WASHINGTON — A record number of US counties — more than 1 in 3 — are now dying off, hit by an aging population and weakened local economies that are spurring young adults to seek jobs and build families elsewhere.
New 2012 Census estimates released Thursday highlight the population shifts as the US encounters its most sluggish growth levels since the Great Depression.
The findings also reflect the increasing economic importance of foreign-born residents as the US ponders an immigration law overhaul. Without new immigrants, metropolitan areas such as New York, Chicago, Detroit, Pittsburgh, and St. Louis would have posted flat or negative population growth in the last year.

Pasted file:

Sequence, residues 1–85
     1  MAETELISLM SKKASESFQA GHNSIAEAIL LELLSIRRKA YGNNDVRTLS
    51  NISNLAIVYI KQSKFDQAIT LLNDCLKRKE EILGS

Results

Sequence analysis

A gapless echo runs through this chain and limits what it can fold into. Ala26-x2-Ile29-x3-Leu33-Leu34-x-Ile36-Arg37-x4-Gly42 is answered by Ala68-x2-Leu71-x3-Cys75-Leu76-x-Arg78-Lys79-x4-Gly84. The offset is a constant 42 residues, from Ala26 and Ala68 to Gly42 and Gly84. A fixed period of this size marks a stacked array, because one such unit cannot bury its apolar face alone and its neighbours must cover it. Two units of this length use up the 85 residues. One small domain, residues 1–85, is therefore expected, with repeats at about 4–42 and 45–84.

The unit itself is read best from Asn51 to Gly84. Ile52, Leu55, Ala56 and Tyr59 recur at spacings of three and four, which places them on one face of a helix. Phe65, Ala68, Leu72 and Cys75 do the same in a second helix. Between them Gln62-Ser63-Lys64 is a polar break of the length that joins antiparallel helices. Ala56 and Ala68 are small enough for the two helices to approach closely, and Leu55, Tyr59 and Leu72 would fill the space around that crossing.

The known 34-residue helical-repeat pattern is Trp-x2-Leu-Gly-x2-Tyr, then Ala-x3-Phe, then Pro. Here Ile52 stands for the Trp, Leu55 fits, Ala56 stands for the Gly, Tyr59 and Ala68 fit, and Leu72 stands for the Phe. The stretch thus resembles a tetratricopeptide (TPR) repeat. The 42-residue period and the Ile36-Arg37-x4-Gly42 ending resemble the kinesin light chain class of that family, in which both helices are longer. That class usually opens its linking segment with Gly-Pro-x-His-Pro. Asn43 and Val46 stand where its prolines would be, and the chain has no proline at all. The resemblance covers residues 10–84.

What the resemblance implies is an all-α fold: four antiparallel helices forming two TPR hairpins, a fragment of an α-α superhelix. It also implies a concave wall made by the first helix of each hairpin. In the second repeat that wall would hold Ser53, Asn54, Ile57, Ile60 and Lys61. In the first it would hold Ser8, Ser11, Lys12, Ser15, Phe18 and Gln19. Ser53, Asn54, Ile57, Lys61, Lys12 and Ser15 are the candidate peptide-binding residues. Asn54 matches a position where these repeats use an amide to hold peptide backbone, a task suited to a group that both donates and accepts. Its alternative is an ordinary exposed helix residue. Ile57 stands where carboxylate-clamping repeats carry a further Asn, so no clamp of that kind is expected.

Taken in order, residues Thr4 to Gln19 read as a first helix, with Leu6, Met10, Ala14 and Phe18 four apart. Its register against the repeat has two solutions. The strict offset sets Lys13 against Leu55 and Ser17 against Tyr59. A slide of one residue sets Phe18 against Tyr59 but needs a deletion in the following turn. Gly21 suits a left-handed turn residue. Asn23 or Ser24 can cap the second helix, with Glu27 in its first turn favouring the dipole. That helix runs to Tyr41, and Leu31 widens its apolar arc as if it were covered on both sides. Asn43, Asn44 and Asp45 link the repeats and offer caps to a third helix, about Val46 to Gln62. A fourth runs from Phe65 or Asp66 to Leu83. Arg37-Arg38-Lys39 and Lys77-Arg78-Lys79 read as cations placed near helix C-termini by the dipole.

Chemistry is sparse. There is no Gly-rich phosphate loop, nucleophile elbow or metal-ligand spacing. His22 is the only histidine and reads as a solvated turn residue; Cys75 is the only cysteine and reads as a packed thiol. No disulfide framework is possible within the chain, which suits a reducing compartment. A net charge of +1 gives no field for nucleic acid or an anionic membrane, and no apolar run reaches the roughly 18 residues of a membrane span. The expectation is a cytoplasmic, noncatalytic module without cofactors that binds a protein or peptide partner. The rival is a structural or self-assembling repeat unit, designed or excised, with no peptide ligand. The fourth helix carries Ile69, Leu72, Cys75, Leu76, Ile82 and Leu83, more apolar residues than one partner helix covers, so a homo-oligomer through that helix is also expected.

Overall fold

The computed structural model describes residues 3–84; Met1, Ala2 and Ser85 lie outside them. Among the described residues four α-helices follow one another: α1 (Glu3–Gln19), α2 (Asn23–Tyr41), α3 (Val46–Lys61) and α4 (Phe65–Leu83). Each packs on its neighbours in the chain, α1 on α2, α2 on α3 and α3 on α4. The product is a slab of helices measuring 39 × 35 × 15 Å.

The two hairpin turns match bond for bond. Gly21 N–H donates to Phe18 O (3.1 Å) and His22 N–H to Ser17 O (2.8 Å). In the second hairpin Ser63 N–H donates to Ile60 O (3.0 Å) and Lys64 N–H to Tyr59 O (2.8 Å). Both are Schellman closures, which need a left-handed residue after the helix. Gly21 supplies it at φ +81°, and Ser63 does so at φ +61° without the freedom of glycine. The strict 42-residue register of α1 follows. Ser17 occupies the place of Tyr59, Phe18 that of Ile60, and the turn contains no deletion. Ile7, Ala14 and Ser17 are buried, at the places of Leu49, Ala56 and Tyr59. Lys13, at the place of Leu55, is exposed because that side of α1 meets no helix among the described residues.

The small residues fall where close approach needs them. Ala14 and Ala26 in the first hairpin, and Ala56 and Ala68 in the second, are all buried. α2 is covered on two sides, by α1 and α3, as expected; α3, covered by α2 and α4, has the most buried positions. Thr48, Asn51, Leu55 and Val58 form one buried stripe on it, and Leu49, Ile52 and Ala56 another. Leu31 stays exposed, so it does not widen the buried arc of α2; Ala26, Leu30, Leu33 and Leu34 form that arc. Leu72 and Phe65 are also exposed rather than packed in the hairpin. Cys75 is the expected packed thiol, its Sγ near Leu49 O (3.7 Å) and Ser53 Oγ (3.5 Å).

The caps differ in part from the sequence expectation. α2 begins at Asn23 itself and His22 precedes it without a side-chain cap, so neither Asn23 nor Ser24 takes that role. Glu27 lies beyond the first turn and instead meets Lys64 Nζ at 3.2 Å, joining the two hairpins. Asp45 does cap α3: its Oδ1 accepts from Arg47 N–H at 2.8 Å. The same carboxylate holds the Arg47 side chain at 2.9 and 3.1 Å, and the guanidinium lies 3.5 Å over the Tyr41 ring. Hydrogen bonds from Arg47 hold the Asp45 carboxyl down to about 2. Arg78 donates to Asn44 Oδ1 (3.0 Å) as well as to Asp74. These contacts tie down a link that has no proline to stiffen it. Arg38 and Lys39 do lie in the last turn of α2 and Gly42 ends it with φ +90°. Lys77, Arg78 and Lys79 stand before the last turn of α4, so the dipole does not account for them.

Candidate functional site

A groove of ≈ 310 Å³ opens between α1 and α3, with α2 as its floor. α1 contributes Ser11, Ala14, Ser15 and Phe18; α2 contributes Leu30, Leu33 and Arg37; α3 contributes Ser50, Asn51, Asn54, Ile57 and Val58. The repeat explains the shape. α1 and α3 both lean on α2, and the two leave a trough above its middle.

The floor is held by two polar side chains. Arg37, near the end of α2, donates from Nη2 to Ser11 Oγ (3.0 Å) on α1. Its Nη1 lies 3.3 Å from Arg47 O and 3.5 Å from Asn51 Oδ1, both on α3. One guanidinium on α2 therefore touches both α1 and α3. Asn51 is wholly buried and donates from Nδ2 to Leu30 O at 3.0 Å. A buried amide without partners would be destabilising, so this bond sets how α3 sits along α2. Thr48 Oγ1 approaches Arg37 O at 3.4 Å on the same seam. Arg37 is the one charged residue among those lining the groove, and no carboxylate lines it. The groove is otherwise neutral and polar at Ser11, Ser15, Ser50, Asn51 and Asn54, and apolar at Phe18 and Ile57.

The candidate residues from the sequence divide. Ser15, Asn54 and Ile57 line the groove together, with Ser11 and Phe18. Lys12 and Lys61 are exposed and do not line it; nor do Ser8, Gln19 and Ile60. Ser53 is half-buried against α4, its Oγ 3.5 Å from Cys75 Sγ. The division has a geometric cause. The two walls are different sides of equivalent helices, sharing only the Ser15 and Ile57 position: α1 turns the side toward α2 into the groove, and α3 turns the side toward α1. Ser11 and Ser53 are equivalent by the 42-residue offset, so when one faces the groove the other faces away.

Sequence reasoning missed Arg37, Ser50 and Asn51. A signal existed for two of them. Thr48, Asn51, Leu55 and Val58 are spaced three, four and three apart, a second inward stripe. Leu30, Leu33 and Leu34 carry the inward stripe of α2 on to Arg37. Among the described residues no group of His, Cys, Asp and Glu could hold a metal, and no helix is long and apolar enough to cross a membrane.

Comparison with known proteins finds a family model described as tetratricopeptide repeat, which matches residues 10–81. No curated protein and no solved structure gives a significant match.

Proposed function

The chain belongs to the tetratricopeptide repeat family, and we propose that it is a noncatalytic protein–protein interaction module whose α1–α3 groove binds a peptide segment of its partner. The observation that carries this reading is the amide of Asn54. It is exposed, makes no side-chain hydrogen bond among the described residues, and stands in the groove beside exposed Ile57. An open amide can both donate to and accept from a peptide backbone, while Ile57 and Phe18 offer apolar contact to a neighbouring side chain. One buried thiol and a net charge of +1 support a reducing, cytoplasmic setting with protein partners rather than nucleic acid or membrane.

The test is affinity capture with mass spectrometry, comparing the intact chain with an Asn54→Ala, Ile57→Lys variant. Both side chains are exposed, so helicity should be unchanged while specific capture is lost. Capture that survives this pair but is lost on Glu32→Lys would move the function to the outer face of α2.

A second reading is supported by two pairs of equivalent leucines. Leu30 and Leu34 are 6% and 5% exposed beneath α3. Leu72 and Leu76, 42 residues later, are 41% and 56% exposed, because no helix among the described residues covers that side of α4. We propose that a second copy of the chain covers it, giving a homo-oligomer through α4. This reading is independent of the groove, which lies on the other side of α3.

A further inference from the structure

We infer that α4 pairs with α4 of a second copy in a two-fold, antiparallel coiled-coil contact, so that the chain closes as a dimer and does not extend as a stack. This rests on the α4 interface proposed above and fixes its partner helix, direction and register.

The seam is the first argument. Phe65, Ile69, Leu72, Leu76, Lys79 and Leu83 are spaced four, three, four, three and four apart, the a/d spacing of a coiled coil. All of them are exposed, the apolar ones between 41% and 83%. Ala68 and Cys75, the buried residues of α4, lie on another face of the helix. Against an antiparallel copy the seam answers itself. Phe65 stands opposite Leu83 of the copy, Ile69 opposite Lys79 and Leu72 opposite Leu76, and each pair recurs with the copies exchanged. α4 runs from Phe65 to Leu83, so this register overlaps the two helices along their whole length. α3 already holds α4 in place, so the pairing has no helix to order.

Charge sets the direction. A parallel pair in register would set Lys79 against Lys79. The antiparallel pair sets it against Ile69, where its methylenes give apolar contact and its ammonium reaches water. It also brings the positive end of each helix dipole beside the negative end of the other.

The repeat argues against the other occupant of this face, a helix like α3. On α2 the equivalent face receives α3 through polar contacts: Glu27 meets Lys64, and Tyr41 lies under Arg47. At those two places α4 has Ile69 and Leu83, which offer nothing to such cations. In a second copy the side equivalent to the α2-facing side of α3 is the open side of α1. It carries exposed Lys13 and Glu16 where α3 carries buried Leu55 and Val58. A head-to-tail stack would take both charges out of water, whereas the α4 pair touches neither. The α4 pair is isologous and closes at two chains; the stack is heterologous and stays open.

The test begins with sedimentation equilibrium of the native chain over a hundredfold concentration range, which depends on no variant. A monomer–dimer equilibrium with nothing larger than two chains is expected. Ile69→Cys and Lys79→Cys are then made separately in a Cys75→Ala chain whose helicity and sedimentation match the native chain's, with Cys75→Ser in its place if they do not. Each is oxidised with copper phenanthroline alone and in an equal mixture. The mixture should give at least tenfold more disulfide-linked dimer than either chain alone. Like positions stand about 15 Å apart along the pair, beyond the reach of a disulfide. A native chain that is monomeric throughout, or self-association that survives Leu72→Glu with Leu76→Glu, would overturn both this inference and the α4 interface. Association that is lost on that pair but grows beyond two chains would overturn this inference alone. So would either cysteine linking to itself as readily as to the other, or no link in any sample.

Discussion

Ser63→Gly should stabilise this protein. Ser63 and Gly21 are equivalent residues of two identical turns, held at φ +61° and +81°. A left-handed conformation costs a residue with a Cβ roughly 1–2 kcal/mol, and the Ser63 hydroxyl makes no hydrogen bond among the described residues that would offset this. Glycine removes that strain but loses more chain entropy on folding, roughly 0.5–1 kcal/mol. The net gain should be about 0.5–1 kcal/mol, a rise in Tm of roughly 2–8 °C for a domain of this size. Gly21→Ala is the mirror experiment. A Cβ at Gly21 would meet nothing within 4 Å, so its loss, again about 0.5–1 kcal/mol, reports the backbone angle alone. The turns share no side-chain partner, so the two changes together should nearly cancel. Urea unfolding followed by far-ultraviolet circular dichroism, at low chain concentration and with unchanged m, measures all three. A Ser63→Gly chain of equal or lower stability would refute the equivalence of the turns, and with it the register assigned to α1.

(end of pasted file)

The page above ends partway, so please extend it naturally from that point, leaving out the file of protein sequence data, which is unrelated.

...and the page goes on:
With a slowly improving US economy, young adults are now back on the move, departing traditional big cities to test the job market mostly in the South and West. Also seeing big declines now are rural and exurban areas, along with industrial areas of the Rust Belt.
Census data show that 1,135 of the nation’s 3,143 counties are now experiencing ‘‘natural decrease,’’ where deaths exceed births. That’s up from roughly 880 US counties, or 1 in 4, in 2009.
By region, growth in the Northeast slowed last year to 0.3 percent, the lowest since 2007; in the Midwest, growth fell to 0.25 percent, the lowest in at least a decade. In the South and West, growth rates ticked up to 1.1 percent and 1.04 percent, respectively.
In the last year, deaths exceeded births in Maine and West Virginia .